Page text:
In April, a law on the rehabilitation of persons sentenced for political reasons was adopted. It also made it possible to pay compensation. In the autumn, the first attempt was made to settle accounts with the past - a special parliamentary committee tried to clarify the background to the brutal police attack on demonstrators on 17 November 1989. At that time, the first regulations on re-privatisation were also adopted, although this issue was still a source of controversy for many years (especially the return of property taken from the Churches). Plans were also drawn up for the privatisation of state enterprises, and these took effect the following year.


The first free elections - to two chambers of the National Assembly and to the Czech and Slovak National Councils - were held on 8 and 9 June. The Civic Forum won decisively in the Czech part of the country (more than half the votes), while the Society Against Violence had a smaller advantage in the Slovak part (one third of the votes). Čalfa remained Prime Minister of Czechoslovakia; his new cabinet was grandiosely described as a “government of national sacrifices”. This was related to the expected social costs of economic reforms. The coalition included most parliamentary forces, including the KSČ. As early as September, however, the Communists left the government.


The fact that the KSČ was removed from the government was the result of public pressure, and there was a growing demand for the communists to be held accountable for decades of dictatorship. Strong emotions were also aroused over the reform of the security apparatus and the fact that many former Secret Service officers were to remain in the new special services. Similar emotions accompanied discussions on the shape of the future economic reforms. The relatively good economic situation made it possible to postpone these discussions - state control of basic product prices was abandoned only at the beginning of 1991. Earlier, in November 1990, free local elections had been held.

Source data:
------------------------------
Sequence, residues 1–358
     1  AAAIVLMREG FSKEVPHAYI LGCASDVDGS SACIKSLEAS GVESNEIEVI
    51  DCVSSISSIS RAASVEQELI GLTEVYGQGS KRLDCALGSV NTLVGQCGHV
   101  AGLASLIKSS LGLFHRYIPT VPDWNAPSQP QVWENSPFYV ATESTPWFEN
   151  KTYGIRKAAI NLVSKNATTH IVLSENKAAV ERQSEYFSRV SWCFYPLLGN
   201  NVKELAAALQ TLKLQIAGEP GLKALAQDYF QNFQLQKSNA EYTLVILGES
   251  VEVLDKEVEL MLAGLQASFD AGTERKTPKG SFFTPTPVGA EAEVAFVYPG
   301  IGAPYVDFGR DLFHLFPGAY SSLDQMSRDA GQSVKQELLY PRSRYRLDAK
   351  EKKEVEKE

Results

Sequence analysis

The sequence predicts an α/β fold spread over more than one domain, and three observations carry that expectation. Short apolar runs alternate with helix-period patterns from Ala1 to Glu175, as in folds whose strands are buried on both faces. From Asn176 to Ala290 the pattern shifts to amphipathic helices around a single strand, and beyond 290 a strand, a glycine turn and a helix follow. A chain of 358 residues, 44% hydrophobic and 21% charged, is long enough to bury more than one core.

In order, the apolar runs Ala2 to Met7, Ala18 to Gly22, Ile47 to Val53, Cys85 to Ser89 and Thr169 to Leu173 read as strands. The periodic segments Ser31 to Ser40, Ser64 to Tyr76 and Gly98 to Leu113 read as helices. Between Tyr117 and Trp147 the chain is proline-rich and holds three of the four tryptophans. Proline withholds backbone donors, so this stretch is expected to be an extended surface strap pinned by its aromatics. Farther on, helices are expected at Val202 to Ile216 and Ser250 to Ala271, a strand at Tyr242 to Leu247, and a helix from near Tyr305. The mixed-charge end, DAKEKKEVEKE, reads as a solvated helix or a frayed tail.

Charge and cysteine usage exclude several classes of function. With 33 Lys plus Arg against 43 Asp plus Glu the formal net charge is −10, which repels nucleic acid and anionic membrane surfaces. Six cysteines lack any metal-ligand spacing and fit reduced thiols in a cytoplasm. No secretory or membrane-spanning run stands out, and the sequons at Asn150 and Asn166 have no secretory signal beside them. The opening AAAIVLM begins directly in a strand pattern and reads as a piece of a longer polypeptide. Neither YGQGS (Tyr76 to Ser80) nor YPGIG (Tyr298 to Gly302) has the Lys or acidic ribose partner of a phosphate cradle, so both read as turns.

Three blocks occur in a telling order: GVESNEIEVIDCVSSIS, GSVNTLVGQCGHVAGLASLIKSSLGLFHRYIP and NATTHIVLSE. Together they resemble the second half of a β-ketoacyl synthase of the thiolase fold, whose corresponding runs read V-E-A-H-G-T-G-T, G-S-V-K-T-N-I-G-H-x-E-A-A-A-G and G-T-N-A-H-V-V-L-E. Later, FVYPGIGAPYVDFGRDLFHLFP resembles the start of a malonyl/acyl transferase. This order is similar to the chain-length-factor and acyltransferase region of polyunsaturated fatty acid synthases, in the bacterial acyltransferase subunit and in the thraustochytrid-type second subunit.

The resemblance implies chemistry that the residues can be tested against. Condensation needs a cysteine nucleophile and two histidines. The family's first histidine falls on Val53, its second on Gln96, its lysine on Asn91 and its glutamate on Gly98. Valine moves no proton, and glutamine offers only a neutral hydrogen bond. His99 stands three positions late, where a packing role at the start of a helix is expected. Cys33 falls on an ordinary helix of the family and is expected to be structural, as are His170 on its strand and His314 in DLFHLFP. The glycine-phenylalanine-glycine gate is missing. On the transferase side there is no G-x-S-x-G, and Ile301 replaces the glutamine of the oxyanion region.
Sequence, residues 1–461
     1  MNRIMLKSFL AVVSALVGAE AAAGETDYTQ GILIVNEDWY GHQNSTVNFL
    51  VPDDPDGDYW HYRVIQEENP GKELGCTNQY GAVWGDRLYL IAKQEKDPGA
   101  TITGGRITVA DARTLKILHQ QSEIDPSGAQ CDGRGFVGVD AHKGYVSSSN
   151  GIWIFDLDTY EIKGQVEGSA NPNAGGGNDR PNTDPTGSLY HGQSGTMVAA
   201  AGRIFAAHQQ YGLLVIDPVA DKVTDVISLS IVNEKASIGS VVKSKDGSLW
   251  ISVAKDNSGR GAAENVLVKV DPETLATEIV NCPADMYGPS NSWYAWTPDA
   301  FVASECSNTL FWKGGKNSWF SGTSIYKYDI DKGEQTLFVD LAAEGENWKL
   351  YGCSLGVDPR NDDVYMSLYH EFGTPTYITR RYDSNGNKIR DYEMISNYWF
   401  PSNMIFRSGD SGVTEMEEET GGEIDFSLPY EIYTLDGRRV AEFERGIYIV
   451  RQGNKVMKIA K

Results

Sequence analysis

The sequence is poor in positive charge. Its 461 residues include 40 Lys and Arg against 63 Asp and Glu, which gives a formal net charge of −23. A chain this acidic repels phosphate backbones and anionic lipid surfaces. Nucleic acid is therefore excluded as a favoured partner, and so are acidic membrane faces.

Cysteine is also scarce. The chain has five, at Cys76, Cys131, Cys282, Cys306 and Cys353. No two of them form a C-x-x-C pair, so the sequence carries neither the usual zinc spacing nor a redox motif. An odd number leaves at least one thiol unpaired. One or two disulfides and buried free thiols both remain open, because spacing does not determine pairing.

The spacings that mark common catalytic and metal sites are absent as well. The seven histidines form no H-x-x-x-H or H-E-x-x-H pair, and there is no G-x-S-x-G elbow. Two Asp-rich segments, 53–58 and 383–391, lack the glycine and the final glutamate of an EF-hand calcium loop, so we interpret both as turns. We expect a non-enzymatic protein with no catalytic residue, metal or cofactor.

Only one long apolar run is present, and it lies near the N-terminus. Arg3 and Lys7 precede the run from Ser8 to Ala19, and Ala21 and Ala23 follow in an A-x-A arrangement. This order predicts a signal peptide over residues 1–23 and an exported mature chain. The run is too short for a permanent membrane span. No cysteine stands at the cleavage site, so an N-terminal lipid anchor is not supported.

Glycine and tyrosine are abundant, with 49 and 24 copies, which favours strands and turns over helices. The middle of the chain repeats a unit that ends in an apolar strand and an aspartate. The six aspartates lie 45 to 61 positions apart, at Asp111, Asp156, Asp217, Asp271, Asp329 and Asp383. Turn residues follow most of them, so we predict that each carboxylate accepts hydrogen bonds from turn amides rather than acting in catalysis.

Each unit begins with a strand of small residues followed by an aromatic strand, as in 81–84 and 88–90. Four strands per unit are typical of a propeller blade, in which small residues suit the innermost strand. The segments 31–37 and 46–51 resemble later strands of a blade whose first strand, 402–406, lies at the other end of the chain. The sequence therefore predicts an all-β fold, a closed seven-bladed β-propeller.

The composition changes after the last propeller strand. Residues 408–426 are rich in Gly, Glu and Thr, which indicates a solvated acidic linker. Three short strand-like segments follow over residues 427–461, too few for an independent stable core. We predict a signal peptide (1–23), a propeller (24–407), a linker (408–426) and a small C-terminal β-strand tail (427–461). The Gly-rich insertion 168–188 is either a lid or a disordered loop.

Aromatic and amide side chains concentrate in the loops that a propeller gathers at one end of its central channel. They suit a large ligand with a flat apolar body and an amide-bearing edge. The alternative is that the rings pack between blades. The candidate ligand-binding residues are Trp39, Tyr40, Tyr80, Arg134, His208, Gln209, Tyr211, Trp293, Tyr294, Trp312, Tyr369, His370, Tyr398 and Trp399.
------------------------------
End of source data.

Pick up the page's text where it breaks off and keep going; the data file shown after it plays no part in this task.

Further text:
Discussions about the future of the common state were growing. As early as the beginning of the year 1990, a so-called "hyphen war" broke out. The Slovaks demanded that the name of the country be written with a hyphen (Czecho-Slovakia), while for Czechs this meant that the Slovaks intended to distance themselves from the federation. After an unsuccessful attempt at reaching a compromise (separate spellings in both languages), the name was changed to the Czech and Slovak Federal Republic. However, this did not result in the disappearance of tensions, eventually leading to the decision to split the country, which took place at the beginning of 1993.

As the people of Czechoslovakia entered the year 1991, they had already realised that the process of change would take more time and be more complicated than they had thought in the euphoria of the "Velvet Revolution". President Havel said in his New Year's address: "it has turned out that the legacy of the past decades that we have to deal with is worse than we thought and could have imagined in the joyful atmosphere of the first weeks of freedom. New problems keep appearing every day, and every day we also see how interlinked they are, how time-consuming their resolution is, and how difficult it is to determine the correct order in which they should be resolved."